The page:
Note: I have written a post containing updated compatibility information you may want to read here. The remainder of this post below is still very important, but I’d like to make sure everyone has the most up-to-date information about compatibility between the different DLLs and parallel port cards out there. If you’re looking for my patched io.dll for Willem programmer compatibility, see below.

Last year I bought a Willem EPROM programmer board from Sivava. It’s basically a cool little board with various sockets for plugging in EPROM/EEPROM/Flash/etc chips for reading/erasing/writing. Apparently it can even program some AVR microcontrollers. I have the PCB50 version of the board.

Here’s the deal. It has a USB port, but it’s only for supplying power. All communication goes through the parallel port. As everybody should know at this point, the parallel port is on the way out. No, scratch that. The parallel port is long gone. I had to use a really old HP Pavilion with a Celeron running Windows 98 to do anything with it. The programmer worked great, and I was able to fix a computer’s BIOS chip that I had messed up while trying to hack its BIOS.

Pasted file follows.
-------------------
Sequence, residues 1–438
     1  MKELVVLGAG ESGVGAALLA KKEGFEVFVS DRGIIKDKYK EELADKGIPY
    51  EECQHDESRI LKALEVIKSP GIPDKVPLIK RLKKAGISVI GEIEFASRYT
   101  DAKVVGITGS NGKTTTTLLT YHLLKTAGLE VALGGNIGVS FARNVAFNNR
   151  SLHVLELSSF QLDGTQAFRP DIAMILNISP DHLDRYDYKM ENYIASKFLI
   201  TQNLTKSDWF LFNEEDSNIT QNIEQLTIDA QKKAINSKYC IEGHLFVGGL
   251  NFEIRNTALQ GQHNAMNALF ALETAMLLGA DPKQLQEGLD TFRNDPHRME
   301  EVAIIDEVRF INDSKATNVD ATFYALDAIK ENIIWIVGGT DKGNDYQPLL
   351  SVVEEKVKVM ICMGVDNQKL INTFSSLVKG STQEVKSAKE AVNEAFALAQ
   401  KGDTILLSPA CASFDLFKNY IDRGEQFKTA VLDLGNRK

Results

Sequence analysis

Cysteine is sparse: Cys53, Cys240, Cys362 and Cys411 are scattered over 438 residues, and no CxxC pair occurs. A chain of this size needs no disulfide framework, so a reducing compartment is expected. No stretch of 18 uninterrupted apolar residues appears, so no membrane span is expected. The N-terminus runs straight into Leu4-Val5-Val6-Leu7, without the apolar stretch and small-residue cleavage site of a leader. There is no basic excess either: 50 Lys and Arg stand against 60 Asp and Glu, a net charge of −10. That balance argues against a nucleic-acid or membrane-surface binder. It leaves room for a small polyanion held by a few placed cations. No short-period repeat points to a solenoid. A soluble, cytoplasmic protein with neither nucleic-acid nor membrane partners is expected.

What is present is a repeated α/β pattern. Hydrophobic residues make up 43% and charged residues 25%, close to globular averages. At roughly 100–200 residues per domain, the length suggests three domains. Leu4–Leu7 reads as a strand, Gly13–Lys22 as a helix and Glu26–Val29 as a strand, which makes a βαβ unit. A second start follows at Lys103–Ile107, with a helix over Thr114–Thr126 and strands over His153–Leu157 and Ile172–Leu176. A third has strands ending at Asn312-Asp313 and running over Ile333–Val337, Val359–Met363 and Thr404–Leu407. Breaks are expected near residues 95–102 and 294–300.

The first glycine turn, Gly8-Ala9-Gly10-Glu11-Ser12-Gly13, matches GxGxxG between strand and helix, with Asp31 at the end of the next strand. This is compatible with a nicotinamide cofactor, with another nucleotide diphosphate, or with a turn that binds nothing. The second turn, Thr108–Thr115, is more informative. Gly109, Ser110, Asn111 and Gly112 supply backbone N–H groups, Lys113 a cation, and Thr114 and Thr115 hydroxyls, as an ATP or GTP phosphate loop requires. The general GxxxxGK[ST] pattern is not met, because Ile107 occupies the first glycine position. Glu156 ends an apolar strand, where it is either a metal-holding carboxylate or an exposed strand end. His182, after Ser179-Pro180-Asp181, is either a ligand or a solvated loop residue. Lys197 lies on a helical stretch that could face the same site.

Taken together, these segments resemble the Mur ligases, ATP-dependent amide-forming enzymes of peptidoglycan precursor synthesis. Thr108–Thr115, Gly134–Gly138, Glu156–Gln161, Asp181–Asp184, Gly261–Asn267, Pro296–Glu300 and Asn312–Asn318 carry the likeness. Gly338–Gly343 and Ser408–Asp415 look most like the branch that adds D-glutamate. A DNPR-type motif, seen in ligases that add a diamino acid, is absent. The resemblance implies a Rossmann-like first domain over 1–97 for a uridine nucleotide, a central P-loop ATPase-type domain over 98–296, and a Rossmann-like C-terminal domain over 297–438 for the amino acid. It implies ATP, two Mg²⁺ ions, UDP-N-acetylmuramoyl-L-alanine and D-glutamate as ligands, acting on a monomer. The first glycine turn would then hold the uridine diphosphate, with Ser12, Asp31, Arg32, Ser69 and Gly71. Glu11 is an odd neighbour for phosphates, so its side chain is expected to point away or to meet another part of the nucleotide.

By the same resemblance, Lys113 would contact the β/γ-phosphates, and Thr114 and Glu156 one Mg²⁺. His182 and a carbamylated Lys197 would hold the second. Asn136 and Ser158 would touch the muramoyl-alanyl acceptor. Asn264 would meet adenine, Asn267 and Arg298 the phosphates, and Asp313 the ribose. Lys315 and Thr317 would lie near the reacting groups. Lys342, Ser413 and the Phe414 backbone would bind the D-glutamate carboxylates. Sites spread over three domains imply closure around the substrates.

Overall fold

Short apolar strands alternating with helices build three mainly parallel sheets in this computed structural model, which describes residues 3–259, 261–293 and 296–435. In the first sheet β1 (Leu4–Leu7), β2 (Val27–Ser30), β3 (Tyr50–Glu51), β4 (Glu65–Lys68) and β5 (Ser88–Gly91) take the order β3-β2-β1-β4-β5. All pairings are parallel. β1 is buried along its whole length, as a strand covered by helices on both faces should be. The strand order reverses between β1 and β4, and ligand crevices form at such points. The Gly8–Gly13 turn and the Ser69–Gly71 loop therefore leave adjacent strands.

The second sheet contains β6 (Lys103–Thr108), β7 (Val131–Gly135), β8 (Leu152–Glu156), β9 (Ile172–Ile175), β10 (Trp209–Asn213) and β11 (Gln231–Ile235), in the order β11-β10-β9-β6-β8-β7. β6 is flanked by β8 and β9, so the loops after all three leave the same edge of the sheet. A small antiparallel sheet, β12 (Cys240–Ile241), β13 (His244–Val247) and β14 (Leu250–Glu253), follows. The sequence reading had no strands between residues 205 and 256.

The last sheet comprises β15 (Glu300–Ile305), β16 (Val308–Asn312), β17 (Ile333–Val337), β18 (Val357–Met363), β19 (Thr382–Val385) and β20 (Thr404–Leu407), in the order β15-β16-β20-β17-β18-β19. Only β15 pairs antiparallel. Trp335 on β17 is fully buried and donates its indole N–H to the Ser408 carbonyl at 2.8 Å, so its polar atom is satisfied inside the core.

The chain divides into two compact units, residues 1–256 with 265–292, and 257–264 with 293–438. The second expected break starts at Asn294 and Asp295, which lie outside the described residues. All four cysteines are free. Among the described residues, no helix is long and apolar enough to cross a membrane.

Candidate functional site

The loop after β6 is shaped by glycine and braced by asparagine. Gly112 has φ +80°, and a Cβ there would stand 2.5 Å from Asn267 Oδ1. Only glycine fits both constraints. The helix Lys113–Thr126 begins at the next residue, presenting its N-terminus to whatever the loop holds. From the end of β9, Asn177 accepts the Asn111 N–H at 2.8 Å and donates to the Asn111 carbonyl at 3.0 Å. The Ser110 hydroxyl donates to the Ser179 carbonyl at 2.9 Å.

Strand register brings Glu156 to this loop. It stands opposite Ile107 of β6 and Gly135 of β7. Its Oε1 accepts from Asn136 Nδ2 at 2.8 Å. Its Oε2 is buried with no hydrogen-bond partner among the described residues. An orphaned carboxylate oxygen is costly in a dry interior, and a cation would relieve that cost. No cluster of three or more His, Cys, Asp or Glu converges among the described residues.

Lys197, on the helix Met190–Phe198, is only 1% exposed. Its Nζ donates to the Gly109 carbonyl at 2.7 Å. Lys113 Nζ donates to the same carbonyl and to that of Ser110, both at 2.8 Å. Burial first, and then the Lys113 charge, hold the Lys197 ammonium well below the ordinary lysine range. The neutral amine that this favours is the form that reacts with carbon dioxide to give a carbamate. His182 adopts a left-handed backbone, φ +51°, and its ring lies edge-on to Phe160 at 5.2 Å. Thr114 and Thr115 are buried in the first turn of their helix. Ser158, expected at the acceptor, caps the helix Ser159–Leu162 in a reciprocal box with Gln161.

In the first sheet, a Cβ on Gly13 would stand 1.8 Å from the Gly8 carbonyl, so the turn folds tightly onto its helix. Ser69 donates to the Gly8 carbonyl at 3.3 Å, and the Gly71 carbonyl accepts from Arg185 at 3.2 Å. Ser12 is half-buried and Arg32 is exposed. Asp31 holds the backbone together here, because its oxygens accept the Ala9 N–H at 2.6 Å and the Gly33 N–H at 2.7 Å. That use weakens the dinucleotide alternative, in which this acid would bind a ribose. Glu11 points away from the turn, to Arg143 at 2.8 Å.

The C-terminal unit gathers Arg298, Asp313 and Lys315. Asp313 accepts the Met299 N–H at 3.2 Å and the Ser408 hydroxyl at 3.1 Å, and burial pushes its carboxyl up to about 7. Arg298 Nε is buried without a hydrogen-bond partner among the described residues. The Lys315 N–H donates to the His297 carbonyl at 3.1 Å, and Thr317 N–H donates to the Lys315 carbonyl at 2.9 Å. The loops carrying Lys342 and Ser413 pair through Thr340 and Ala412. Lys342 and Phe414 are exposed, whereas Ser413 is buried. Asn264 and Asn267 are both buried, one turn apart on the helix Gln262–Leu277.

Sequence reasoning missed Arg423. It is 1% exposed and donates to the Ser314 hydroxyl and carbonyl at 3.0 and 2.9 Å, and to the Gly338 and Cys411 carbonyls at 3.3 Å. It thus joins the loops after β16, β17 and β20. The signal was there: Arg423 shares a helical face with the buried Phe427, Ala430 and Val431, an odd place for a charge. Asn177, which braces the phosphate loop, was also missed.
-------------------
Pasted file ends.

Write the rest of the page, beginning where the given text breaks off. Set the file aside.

Let’s fast forward to over a year later (a.k.a. now). I have a homebuilt PC with an Intel DX58SO motherboard and a Core i7 CPU, running Windows 7 Ultimate edition, 64-bit. The DX58SO literally has no legacy peripherals, other than a single PCI slot. It has no PS/2 ports, no parallel port, no serial ports, and no standard IDE ports. It does have a variety of types of PCI Express slots, though.

I recently bought a sweet PCI Express 1x card with four serial ports and a parallel port from Newegg. (Note: Newegg’s product specs lie about this card — the parallel port does not support EPP or ECP mode, according to a sticker on the box, even though Newegg says it does). I remembered that I had my programmer and decided I totally needed to get it working in Windows 7.

Easier said than done.